Defensible Space in Urban Design

Susie Kahlich
11 min readMay 2, 2022

This is a story about how one man’s vision has changed the way the world perceives safety, the dangers of gender-biased data, and the surprising history of car alarms.

Photo by Dominik Martin on Unsplash

In the early 1970s, American architect and city planner Oscar Newman published his book, Design Guidelines for Creating Defensible Space. A thesis addressing crime in America’s urban centers, it focused specifically on the high rise. Newman hated high rises, and he loved design. He passionately believed that the way an environment was designed could influence human behavior, for better or worse; especially the people who lived and worked and interacted with it on a daily basis.

His theories were initially not well-received, coming at a time when urban blight and crime was on the rise, and high-crime high rises were mostly housing projects in predominantly black, latino and asian neighborhoods in larger cities. Newman’s position went against the long-standing, racist practices of urban renewal and slum clearance, arguing that crime and vandalism were not the inevitable way of life among marginalized groups, but were due to no or poor design.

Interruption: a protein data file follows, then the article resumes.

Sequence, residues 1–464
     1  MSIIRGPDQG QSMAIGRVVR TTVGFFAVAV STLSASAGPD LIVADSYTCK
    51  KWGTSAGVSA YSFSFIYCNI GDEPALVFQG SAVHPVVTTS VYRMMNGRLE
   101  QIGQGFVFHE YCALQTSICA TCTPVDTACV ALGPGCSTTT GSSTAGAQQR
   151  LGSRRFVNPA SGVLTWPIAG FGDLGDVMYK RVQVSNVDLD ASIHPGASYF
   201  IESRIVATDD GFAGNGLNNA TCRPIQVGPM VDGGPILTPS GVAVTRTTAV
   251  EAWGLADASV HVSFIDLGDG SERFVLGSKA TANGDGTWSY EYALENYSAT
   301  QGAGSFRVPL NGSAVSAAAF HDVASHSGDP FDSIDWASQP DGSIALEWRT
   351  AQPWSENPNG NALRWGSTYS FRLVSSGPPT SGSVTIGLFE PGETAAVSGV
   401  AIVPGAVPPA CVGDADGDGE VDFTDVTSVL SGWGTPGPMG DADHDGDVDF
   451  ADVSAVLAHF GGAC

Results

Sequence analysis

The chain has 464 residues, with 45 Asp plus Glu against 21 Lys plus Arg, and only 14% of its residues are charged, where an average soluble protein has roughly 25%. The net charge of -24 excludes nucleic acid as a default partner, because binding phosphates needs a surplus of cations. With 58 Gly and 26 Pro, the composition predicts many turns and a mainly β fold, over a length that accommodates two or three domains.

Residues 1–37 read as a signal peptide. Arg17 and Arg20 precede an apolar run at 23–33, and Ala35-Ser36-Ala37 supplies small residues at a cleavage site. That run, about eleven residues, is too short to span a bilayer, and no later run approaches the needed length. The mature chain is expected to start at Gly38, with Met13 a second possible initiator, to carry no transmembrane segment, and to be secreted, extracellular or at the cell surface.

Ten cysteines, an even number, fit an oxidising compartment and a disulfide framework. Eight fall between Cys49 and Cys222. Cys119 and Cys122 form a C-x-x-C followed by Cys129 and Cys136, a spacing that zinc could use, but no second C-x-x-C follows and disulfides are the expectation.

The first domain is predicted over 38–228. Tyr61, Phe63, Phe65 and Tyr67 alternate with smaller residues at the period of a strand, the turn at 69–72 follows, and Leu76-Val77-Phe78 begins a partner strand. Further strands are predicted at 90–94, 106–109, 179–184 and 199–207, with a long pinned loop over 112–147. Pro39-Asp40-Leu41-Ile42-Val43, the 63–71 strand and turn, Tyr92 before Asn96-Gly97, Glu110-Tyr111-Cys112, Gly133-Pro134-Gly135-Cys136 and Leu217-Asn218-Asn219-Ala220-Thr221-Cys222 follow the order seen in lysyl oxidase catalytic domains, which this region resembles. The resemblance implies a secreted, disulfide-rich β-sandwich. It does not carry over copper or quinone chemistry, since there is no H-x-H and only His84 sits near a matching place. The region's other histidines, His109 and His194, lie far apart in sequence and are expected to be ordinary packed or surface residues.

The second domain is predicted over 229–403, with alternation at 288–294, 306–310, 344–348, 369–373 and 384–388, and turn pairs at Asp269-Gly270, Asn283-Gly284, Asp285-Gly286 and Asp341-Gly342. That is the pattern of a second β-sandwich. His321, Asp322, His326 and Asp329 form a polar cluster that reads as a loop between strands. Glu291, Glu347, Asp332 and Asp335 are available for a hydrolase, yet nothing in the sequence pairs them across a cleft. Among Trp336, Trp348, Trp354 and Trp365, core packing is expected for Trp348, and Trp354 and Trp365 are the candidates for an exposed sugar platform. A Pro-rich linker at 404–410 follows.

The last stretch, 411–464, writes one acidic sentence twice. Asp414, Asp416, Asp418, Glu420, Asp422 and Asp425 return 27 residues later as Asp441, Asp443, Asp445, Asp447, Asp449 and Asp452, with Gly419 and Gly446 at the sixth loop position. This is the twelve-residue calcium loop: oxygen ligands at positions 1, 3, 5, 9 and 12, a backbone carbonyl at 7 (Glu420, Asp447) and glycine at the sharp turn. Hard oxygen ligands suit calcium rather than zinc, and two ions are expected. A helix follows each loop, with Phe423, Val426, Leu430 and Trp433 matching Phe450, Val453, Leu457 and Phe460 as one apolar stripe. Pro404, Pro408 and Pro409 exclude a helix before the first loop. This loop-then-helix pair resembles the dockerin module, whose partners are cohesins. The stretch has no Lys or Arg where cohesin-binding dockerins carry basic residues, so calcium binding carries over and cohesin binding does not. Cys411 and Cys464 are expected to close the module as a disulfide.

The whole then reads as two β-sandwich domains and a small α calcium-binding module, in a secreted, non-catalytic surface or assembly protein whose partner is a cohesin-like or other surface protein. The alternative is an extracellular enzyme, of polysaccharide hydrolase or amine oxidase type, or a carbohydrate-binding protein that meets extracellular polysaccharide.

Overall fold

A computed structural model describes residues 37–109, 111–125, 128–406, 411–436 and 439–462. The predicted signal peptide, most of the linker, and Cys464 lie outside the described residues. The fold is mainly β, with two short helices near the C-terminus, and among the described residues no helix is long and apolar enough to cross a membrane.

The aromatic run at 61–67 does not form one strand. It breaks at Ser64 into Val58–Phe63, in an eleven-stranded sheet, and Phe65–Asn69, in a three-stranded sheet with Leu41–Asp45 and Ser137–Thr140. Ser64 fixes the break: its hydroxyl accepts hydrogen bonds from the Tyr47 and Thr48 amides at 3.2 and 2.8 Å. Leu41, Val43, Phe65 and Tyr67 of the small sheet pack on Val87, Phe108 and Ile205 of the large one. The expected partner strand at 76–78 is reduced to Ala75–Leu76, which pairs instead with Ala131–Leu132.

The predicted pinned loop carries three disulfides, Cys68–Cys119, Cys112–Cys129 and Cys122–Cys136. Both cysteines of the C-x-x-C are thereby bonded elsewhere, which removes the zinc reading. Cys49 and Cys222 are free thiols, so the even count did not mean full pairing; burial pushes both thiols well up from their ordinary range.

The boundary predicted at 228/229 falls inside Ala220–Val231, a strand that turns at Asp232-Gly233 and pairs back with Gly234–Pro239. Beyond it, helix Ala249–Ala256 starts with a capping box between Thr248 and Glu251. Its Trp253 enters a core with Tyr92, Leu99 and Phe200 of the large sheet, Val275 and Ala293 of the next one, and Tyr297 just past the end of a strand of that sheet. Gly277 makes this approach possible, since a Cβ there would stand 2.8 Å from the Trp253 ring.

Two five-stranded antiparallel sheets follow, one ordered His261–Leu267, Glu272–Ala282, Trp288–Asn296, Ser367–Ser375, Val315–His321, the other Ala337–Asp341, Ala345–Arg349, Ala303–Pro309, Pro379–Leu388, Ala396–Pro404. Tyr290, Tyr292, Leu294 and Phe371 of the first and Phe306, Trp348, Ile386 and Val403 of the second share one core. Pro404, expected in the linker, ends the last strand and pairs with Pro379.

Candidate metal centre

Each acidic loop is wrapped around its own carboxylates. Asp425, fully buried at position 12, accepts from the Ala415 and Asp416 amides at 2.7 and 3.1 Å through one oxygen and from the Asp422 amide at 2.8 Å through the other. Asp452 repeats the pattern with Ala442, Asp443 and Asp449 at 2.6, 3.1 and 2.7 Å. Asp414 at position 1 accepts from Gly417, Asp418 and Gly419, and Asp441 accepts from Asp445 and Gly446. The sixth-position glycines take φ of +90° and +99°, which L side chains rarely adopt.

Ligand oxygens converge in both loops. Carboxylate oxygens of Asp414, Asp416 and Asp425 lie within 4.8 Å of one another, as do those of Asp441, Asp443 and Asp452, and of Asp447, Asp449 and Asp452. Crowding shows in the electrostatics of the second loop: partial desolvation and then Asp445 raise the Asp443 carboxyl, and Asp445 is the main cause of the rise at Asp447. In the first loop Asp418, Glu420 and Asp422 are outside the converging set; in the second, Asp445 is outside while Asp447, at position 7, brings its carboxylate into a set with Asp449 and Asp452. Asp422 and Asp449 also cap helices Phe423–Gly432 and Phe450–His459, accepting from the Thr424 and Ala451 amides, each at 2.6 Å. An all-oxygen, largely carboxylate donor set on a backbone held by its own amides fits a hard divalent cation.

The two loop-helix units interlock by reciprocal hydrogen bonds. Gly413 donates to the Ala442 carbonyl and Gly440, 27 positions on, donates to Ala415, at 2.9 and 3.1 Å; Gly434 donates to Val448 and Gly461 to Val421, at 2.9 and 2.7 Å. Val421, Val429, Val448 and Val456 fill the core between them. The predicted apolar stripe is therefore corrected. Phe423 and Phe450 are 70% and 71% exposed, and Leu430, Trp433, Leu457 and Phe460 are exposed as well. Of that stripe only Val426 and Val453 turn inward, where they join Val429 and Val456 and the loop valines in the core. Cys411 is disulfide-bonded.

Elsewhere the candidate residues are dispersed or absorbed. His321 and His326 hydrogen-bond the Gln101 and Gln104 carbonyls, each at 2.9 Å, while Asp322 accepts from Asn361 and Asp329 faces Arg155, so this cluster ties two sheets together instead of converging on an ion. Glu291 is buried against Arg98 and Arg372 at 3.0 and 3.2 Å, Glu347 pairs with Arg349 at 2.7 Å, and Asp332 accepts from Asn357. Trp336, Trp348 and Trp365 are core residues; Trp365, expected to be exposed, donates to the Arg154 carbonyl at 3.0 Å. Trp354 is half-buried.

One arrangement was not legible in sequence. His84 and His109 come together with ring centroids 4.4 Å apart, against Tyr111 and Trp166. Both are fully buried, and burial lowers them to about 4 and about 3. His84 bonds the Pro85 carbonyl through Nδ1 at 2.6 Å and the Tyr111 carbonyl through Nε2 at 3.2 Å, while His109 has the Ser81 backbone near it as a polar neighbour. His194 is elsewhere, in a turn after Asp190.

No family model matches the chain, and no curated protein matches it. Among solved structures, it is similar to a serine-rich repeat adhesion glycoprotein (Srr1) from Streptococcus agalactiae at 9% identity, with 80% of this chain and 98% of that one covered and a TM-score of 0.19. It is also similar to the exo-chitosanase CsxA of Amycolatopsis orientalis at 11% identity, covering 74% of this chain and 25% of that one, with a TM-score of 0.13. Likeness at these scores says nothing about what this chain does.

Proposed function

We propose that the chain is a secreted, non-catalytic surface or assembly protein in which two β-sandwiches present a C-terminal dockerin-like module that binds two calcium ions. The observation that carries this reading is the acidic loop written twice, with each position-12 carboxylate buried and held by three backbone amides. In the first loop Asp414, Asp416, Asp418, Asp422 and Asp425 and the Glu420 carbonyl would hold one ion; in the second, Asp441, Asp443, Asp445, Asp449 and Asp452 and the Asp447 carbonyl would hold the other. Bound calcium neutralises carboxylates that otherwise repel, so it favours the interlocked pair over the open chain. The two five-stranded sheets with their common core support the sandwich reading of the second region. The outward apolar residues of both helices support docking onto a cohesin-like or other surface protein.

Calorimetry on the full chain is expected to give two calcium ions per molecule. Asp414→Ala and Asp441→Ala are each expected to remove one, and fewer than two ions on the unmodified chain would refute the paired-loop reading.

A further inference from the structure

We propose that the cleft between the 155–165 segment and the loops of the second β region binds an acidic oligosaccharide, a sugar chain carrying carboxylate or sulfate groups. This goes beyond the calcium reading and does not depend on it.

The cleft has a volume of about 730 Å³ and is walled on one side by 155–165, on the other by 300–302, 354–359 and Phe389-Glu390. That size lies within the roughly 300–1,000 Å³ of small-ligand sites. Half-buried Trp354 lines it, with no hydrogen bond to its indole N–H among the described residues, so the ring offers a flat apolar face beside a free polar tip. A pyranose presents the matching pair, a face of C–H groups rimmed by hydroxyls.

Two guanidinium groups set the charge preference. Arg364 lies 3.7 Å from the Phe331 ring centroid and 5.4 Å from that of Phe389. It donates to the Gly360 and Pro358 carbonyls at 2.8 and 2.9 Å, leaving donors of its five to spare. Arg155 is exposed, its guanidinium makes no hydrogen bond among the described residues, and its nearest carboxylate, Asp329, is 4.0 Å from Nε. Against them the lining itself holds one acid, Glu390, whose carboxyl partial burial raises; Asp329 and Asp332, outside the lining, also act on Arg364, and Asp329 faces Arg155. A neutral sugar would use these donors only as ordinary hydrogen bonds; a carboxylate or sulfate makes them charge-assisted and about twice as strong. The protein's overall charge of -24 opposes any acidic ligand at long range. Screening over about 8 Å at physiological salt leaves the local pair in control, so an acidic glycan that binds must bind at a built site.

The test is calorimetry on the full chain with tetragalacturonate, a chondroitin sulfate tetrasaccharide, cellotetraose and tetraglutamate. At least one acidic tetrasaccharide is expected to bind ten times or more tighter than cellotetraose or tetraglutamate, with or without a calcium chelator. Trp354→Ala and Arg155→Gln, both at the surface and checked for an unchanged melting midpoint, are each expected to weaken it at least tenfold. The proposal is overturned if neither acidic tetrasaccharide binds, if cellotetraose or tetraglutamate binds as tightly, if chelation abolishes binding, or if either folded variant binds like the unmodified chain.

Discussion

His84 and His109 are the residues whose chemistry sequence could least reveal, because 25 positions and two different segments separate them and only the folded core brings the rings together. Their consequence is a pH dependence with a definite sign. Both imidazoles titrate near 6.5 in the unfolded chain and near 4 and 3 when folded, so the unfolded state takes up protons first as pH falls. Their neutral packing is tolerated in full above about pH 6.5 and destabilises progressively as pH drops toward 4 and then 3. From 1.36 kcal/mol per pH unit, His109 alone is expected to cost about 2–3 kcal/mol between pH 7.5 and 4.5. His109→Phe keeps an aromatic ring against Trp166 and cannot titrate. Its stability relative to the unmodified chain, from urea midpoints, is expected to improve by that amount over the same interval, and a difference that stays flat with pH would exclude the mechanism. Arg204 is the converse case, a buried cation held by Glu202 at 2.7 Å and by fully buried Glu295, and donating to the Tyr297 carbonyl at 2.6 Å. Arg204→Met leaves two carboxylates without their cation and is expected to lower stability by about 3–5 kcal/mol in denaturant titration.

Prevailing minds of the time believed in racism; Newman believed in defensible space.

At roughly the same time Newman was publishing his book, the American automotive industry was undergoing a major, after-sale innovation: the car alarm. Although versions of car alarms had been around for decades, they had been redesigned and now were all the rage: the idea of interrupting the theft of a car with a loud alarm was affordably simple and immediately gratifying, in that once installed, the car owner could breathe a sigh of relief: they did something. The alarms sold like hot cakes, and by the 1980s were so ubiquitous they became a staple, if unwelcome, note of every urban symphony.

But the funny thing was, they didn’t work. They’ve never worked.

Newman’s Defensible Space theory was expanded up on by C. Ray Jeffery, who used Newman’s research to develop Crime Prevention Through Environmental Design, or CPTED, the evolutionary difference between the two theses being an incorporation of psychology into the foundations of the CPTED approach, thanks to Jeffery’s background as a criminologist…

Susie Kahlich

CEO of SINGE | Founder of Pretty Deadly Self Defense @ | Former producer of art podcast Artipoeus: art you can hear @